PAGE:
Jack was really pleased to be featured in the Hot Press “Best in Ireland” magazine.
Welcome to the butchers blog where I will endeavor to enlighten you in the dark arts of butchery from entrails to appendix to oxtails, fillets, trotters, grass or grain, fat or finishing, fries and frankfurters I will try to explain our methods and show you a bit of our madness.
Some refer to butchering as a trade for some it is a job, I have even head it being referred to as a vocation by one rather colourful butcher. For others we are simply shopkeepers or traders, but for us we like to refer to our trade as a craft. Bringing livestock to the table requires many varied and different techniques and skills which all rolled into one can be classed as a craft. The family butcher once a dying vision around the country is thriving by cornering a market for customers who want to know the field, breed, age, origin and husbandry of their meat.
From dry curing to dry ageing to tunnel boning, slow roasting, seasonal cuts and pudding making we are always trying to improve our methods and techniques to give the customer a new variety, taste or sensation but also to further our craft. Techniques used generation ago while never forgotten or dispensed have to evolve to market demands but the basics stay the same. We still use the same base recipe for pudding, sausages and curing that have been handed down thru the family for generations while the slaughtering, ageing and primal preparation of carcasses have changed little in the last 100 years except to adapt the best technologies available. Staying true to those methods and techniques is crucial for us and the integrity of our product.
While supplying fodder for the queen may have seemed like treason to my forefathers selling on the Internet could not be fathomed to them. We’ve come a long a way and in the blog I hope to show you a little of how we do it and the ways we do.
Welcome and I hope you enjoy it and at times you may have to endure the odd rant or three.Feel free to interact or comment.
The birds are reared on the family farm using traditional methods. All poultry produced by East Ferry Farm are housed in mobile houses allowing the poultry to move freely from field to house.
“There is a huge emphasis publicly to buy quality home grown produce. Here at East Ferry Free Range we felt that this was an opportunity to create a Free Range Poultry brand. We offer an outstanding service to our customers, providing a whole range of high quality free range products and satisfying the most demanding requirements with due regard to all EU legislation.”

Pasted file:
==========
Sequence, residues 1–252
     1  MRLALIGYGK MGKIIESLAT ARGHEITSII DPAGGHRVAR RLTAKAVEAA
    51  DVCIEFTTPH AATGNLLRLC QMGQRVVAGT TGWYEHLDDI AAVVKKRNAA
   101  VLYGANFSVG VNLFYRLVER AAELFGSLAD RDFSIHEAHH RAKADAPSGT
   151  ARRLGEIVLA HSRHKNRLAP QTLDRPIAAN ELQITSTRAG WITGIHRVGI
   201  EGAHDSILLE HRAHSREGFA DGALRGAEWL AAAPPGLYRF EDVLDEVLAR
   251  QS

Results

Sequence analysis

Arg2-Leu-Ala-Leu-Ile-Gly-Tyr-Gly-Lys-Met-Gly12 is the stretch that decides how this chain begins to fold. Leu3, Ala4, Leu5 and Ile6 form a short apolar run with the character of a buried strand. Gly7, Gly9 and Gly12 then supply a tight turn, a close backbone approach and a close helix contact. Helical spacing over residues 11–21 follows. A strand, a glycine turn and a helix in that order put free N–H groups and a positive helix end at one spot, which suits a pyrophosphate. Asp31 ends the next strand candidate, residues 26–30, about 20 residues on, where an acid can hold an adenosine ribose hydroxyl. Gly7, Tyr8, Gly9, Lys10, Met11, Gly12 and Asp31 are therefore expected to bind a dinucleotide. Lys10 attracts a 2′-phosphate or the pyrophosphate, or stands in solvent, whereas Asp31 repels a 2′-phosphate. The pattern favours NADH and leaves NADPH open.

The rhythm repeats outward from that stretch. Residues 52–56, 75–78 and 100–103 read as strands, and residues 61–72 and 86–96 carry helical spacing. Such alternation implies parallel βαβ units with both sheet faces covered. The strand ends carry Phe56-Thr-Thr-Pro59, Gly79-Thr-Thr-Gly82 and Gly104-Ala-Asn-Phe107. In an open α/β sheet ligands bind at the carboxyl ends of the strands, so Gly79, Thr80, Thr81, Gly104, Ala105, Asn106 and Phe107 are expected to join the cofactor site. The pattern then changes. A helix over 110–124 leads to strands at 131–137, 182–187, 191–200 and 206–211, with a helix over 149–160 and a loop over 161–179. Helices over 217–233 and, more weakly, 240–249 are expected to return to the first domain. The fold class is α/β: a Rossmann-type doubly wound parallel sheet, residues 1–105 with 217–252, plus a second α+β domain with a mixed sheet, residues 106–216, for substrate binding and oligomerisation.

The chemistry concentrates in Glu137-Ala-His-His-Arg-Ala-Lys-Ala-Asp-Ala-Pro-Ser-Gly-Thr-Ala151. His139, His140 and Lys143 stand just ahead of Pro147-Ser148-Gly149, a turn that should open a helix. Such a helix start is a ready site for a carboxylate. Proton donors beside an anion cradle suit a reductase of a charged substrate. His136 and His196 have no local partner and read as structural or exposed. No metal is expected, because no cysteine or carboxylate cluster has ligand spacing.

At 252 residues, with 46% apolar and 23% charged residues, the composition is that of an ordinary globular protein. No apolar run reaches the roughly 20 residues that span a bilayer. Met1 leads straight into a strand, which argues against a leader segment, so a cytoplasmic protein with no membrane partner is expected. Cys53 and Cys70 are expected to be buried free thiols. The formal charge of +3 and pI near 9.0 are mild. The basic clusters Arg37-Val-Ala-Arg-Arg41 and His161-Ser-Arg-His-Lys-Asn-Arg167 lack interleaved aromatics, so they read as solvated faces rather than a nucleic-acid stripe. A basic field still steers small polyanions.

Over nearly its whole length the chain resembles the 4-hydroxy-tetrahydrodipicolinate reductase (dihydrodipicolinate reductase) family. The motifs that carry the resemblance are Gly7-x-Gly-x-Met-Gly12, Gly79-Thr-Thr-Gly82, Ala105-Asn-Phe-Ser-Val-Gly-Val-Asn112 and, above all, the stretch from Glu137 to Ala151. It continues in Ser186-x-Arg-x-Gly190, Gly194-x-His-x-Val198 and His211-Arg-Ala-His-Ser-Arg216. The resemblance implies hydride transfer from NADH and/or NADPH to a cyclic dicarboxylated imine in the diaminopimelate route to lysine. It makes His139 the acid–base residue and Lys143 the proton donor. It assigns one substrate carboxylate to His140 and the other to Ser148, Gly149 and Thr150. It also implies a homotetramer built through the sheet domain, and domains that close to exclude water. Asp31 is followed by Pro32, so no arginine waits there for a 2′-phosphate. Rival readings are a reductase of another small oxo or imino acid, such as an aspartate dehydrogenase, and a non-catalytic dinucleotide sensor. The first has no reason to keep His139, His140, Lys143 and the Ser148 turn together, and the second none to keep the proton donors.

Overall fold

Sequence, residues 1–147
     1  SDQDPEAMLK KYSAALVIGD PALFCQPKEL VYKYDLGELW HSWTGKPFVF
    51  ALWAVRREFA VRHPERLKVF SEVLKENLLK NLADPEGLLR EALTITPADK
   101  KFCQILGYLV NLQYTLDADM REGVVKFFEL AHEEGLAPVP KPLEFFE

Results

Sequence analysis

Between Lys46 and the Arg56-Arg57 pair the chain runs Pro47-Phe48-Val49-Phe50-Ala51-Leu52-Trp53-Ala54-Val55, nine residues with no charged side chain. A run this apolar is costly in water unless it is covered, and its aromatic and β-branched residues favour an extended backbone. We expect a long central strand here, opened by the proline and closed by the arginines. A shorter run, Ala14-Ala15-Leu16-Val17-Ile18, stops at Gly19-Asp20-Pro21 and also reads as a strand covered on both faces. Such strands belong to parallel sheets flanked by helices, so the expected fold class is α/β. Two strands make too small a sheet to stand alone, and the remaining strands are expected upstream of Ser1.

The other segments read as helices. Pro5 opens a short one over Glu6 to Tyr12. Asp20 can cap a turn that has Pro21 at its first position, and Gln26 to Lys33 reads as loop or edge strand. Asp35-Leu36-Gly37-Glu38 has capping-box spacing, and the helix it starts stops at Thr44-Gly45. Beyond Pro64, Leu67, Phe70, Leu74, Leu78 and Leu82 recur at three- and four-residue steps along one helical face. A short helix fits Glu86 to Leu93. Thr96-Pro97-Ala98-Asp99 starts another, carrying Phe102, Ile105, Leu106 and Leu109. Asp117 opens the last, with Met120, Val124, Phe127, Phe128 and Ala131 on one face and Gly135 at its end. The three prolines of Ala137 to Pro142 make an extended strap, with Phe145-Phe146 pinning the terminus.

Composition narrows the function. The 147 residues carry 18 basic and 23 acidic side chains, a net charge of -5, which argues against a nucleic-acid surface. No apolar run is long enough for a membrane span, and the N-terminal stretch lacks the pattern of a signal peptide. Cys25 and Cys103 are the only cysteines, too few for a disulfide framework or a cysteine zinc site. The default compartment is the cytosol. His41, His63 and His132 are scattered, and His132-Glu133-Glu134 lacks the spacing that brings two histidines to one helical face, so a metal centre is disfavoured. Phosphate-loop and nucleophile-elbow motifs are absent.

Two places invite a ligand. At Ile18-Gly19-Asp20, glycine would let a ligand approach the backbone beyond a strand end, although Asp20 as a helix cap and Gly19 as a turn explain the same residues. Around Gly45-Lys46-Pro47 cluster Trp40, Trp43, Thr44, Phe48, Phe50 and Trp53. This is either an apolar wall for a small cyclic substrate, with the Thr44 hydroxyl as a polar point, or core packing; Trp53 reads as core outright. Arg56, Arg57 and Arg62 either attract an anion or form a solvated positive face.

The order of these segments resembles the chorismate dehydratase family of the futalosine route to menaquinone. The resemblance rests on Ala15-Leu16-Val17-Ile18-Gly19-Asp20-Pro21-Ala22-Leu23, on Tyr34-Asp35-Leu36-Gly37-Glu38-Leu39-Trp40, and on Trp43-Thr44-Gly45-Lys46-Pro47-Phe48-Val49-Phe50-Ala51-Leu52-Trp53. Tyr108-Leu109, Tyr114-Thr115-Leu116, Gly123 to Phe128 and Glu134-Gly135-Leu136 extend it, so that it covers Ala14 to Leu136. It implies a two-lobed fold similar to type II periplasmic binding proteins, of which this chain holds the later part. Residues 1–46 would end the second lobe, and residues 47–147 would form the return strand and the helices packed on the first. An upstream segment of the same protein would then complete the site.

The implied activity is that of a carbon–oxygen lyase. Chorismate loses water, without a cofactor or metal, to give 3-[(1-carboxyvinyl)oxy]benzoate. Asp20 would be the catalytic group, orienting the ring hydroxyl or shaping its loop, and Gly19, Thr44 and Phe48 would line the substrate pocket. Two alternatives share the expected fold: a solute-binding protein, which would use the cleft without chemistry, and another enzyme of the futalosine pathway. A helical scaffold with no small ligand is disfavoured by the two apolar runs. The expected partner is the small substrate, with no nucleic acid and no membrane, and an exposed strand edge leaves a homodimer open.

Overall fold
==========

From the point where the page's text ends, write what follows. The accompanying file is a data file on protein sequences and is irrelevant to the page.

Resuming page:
Happy Christmas from McCarthys
We wish all our customers and friends a wonderful Christmas.
The Online Shop is now closed for orders and business will resume on 2nd January with deliveries on 4th.
By Emma Kennedy
The McCarthy family has been in the meat business for almost 120 years, and now Jack and his son Tim are giving old traditions a new twist with a creative range of products that appeal to young and old alike. McCarthy says he wants his products to appeal to everyone, rather than just foodies. ‘‘I want middle of the-road, everyday specialities, not just the exotic types of things,” he says.
However, despite managing to appeal to all customers, McCarthy’s range of gluten-free sausages, dry cured bacon and spiced beef has also caught the eye of many a foodie. His meats are used in many high-end restaurants around the country, have won a host of awards and also got the thumbs-up from the Bridgestone Irish Food Guide.
All the meat he uses is 100 per cent Irish and sourced locally whenever possible. The various flavours that infuse his meats come from a combination of ingredients, such as organic herbs, spices, honey, Irish whiskey and Guinness. As with the meat, using Irish ingredients to add flavour is also something that McCarthy considers important.
He says that he constantly updates his product range to reflect the flavours of the season. For example, last Christmas, his Guinness and cider spiced beef proved popular with customers.
Other favourites include honey-cured roast pork and Irish whiskey dry-cured bacon. For sausage lovers, McCarthy has a range of gluten-free sausages in flavours including chive and cheese. He says that most traditional sausages have about a 10 per cent rusk content in order to absorb moisture.
To produce a gluten-free alternative, he uses soy based products instead of rusks. His gluten-free sausages are proving increasingly popular, with McCarthy tipping it as a large growth market for his business.
The gluten-free range also includes pork and apple burgers, beef burgers and lamb burgers, and he also produces black and white puddings. McCarthy recognises how food tastes constantly evolve and his enthusiasm for new products reflects this – he is considering introducing a new meatloaf product in the year ahead, among others.
If the sound of his products appeals to your carnivorous side, you can buy his products direct from his shop in Kanturk and from a selection of local delis. A limited online service is also available fromwww.jackmccarthy.ie.